The Engagers: Elia Mörling on Why You Should Target Tribal Influencers
After we launched Traackr for Sweden a few weeks ago, I became curious about the state of influencer marketing in this thriving global innovation hub. I interviewed Elia Mörling, one of Sweden’s premier thought leaders in digital communications to find out more. Elia’s blog Tribaling outlines best practices and digital strategies for tribal marketing. H&M, Ericsson, Chrysler and Save the Children are examples of the global brands Elia helps to become more customer-centric, social, and successful.
Hi Elia, your blog Tribaling is a leading guide for tribal marketing. For those of us who are new to the concept, will you explain how you define a “tribe” and why brands should care about them?
A tribe is a group of people that share a common passion such as golf, sustainability or startups. Brands should care about tribes because they capture how we relate to each other and how information spreads. Understanding tribes is the key to understanding our network society.
Many companies still define target groups the way they did in the industrial age. They use outdated traditional markers such as age, sex and nationality to define their target groups. The problem is that these groups of people have little in common. Tribes, on the other hand, make for superior target groups because they are defined by what people do and how they like to do it. Beyond common interests, tribes share a culture of values, beliefs, meaning, language, stories, and experiences. Knowing who your tribes are will make your marketing efforts more focused and effective.
What are some of the common mistakes people make about tribes?
Many people believe that tribes are subcultures; they are not. People within a subculture maintain their identity throughout the day regardless of where they are. Tribal identities are much less rigid. We carry them in the moment, and move in and out of them all the time.
You will also find people who think tribes are communities. Communities do not necessarily gather around passions, and they are many times tied to a place. Tribes, however, always center around passions and they are never limited to a specific geography.
What is your take on social influencers; and how do they relate to tribes?
Social influencers are powerful because we trust their word more than anything. Social influencers are tribal influencers. They do not simply influence random people; they influence the tribes they serve.
In your blog, you say that one of the fundamentals of tribal marketing is to define target groups as tribes. Could you explain a bit more how brands should define their tribes?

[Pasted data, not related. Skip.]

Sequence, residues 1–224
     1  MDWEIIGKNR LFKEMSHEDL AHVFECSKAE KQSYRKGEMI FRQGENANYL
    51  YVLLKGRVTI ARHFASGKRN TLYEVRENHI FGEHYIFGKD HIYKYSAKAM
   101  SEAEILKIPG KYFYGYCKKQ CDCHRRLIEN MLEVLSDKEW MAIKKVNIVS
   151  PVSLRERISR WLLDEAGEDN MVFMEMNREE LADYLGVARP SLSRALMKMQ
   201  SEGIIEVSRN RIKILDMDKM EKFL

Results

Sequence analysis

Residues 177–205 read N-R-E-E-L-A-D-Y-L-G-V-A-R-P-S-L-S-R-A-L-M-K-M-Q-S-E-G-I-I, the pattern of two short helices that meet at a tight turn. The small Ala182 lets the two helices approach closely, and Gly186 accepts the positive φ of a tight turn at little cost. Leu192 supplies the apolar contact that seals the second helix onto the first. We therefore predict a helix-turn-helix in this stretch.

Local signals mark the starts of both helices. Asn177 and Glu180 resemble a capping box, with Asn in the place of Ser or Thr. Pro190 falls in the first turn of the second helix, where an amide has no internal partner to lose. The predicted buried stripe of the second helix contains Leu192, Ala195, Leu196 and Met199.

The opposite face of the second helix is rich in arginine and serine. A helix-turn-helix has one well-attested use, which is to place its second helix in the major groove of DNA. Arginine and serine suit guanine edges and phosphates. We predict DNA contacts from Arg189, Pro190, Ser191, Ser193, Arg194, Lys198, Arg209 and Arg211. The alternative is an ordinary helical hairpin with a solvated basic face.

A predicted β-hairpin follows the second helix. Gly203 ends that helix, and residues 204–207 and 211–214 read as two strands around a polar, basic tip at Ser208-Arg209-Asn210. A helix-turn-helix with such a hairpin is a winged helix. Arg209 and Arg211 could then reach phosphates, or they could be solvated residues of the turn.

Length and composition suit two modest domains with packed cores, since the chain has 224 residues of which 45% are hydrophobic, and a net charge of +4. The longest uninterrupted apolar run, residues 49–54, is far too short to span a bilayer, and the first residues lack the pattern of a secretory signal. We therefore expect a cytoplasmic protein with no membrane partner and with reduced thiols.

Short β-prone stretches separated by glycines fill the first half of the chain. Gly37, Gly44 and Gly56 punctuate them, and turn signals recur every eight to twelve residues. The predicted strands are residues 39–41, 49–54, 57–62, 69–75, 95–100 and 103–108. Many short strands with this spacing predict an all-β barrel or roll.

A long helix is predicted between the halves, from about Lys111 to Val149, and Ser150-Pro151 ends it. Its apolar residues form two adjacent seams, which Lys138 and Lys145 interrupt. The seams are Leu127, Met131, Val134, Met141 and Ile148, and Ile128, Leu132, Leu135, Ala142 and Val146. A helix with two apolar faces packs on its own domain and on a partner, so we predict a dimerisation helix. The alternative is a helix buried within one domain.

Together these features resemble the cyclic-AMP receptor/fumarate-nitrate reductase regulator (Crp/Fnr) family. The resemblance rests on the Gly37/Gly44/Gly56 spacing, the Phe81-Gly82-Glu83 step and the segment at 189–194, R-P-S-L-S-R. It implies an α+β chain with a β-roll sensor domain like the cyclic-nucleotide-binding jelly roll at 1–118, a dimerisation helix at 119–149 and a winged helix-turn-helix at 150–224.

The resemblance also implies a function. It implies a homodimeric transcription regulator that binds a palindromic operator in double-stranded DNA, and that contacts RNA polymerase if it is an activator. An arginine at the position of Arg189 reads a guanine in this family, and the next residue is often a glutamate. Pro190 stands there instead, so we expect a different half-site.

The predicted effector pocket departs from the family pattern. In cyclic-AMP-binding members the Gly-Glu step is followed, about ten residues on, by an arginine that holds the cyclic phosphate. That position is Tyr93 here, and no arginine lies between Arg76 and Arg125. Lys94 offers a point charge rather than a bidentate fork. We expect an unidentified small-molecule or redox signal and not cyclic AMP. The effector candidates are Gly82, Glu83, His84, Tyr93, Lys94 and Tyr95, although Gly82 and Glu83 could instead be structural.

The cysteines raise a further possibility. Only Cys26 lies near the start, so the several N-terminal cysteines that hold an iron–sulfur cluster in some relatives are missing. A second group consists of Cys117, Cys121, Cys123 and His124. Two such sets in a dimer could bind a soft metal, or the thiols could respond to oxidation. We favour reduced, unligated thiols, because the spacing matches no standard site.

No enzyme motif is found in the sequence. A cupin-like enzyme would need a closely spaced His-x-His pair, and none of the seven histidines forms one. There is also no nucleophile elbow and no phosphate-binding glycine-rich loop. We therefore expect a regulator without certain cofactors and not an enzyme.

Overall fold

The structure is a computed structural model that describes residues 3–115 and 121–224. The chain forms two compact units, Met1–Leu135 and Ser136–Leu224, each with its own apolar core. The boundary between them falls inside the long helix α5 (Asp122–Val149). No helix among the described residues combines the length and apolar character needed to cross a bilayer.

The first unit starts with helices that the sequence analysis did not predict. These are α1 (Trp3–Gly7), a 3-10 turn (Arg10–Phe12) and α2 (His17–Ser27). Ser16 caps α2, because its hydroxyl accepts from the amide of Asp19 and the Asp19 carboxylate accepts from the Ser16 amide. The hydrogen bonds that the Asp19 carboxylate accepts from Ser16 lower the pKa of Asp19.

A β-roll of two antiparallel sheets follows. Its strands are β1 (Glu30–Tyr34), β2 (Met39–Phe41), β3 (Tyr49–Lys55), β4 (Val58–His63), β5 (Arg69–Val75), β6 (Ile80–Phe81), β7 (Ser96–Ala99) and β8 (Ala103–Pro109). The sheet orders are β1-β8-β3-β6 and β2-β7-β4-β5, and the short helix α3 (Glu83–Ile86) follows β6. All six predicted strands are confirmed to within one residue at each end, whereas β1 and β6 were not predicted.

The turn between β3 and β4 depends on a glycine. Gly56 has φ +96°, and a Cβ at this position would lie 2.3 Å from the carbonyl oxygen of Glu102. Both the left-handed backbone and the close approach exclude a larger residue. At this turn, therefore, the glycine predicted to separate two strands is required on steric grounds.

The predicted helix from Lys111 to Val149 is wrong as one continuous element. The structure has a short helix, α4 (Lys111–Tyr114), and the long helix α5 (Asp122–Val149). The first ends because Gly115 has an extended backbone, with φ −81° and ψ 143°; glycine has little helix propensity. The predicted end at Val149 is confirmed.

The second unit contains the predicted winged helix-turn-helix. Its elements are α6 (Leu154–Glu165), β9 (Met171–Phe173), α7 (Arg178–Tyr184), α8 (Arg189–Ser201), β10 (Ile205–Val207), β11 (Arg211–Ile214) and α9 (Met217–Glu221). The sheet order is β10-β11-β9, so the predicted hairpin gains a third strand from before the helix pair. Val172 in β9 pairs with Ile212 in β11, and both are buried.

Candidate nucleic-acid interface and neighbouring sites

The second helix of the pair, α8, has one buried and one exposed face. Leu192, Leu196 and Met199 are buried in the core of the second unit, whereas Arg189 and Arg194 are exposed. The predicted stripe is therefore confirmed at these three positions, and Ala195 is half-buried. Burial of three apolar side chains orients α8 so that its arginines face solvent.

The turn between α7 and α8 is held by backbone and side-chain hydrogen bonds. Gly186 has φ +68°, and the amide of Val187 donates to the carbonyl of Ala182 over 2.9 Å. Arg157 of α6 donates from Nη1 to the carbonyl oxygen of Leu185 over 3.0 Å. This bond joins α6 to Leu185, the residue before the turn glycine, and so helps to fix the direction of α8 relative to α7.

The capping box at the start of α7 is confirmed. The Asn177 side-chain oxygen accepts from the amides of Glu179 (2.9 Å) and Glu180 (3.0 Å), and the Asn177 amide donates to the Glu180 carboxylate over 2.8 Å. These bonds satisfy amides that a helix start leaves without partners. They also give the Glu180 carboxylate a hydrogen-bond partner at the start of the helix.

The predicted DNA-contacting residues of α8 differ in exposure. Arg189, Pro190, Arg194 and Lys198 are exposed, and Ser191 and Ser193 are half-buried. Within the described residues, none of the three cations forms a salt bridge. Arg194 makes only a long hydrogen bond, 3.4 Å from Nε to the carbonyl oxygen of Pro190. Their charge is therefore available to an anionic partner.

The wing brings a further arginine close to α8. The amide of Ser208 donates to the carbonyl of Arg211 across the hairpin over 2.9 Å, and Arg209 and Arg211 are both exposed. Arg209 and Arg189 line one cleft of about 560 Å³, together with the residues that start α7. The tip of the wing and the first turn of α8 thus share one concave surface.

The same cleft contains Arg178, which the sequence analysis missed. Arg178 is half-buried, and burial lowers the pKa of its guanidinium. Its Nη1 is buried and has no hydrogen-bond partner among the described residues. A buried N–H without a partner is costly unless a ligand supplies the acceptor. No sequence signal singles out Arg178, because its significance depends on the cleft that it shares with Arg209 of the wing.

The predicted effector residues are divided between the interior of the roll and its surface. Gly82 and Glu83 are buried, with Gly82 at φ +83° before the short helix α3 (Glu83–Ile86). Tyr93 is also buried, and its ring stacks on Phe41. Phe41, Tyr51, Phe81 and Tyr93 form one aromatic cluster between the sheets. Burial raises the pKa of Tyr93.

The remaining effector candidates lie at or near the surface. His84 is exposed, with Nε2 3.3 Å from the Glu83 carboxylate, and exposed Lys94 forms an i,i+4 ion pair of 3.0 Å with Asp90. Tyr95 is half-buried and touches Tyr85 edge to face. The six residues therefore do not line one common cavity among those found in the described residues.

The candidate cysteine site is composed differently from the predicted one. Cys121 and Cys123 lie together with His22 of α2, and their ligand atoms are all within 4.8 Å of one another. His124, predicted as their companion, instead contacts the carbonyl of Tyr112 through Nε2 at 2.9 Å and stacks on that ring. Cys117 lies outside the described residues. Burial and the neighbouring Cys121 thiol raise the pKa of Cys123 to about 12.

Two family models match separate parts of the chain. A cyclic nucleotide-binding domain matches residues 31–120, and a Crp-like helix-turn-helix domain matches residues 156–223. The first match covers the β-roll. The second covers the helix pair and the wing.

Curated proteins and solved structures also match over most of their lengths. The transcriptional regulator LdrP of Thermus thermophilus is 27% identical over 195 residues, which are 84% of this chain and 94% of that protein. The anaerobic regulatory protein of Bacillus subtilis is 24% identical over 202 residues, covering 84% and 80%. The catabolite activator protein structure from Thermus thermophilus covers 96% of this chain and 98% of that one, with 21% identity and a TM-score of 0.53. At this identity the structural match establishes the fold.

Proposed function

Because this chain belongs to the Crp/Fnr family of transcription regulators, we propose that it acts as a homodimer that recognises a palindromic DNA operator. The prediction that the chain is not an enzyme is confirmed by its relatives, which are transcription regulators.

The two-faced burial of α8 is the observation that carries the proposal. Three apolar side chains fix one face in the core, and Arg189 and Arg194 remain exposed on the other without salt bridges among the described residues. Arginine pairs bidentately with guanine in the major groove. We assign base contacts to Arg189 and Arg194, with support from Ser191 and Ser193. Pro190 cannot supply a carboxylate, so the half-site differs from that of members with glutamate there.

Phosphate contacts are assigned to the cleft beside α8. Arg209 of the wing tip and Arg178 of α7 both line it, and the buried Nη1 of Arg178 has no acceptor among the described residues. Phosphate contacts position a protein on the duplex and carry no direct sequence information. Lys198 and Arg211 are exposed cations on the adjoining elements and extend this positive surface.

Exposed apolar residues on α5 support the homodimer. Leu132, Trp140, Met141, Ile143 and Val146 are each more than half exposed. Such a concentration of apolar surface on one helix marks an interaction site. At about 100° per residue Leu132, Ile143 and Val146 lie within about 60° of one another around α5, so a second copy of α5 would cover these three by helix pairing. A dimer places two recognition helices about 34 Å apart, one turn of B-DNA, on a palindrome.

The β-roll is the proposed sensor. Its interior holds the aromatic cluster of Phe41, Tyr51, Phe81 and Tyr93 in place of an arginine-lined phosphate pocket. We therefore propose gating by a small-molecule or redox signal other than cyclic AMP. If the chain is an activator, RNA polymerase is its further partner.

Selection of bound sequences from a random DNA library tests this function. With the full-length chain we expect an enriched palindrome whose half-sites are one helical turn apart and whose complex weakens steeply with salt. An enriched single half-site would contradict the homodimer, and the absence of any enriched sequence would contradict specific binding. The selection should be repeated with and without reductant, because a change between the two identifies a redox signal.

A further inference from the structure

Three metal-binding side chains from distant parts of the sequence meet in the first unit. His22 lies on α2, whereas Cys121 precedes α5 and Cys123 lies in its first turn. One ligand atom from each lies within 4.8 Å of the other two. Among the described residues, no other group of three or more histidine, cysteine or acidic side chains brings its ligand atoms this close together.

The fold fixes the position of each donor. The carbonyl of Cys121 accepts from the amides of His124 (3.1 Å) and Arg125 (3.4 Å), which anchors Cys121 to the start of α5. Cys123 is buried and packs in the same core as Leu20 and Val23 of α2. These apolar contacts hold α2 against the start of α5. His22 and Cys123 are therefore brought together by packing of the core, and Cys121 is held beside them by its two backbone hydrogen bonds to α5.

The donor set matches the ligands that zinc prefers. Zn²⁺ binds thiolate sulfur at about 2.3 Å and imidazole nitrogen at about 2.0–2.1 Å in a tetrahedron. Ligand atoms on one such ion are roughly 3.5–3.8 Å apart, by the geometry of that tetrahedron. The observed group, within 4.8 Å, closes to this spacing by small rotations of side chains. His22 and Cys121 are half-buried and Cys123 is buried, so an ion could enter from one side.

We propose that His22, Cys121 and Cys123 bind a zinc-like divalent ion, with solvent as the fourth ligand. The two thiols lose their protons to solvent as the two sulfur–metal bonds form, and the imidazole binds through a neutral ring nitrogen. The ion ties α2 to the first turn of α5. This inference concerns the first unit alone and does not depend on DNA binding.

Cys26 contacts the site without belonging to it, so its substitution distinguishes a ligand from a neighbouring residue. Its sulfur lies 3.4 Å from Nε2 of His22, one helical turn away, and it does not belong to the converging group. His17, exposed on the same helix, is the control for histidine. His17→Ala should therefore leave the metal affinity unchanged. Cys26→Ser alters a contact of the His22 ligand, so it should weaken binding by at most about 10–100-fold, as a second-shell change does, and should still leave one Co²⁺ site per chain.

No passion, no tribe. Passion is the social glue that defines any tribe. Learning what makes people excited about your brand, service or product, can help you identify your tribes. Many times it’s not the product itself, but the bigger experience and story it’s a part of. You can also examine the tribes your customers are members of, and the ones your competitors are engaging.
Once you have found your tribes, you should leverage the fact that they actually share a lot in common. A major piece of advice is to get out of the office or boardroom, and collect real data – online and offline. In many cases companies would do well to hire an expert to get them going.
What role does technology play in this?
The Internet and all its data has made it much easier to discover, study and engage tribes. Traackr as a tool for finding and engaging influencers is a great example of this.
As a professional trainer, you teach social marketing strategies to marketing and communications professionals in large companies and public organisations. What are some common mistakes you have seen companies make on this journey to modernize their marketing practices?
I think the biggest mistake we make is believing that we know all there is to know about something, when we really don’t. Whatever you believe the world to be, it probably changed the moment you nailed it. That’s why you need to become far more open-minded, agile and adaptive about the things you think and do. Testing a hypothesis, and having the courage to update it as you go along, is a great way to go about marketing. If there is anything you can be really sure about it’s – change. The best way to prepare yourself for change, is to keep changing.
Many marketers and public relations pros are trying to pitch news and updates to their social influencers. What do you think about that approach and how can these professionals better appeal to influencers and thought-leaders?
Most companies doing influencer marketing have yet to discover their tribes. An understanding of tribes allows for a better understand what customers value, and how to bring that value to them. A great example of a company doing that is H&M. They have a project called ”We love horses” where they engage with bloggers at the intersection of fashion and horse riding. Rather than simply asking them to name drop and showcase their products, H&M helps these influencers create new, refreshing experiences to offer their readers, such as high-quality video content.
What big changes do you predict for marketing practices in the next 5-10 years?
Looking to the future, I see more of everything. More interests, tribes, channels, tools and content. Increased fragmentation, will make it increasingly difficult to reach everyone at once, so we can’t expect advertising fatigue to go away anytime soon. The trust we place in personal recommendations and networks will increase. Understanding tribes, and their influencers, is going to be more important for organizations than ever.
The Engagers is an ongoing interview series with “Earth’s Mightiest Marketers”, where you’ll find best practices and tips on how to reach out to your influencers successfully.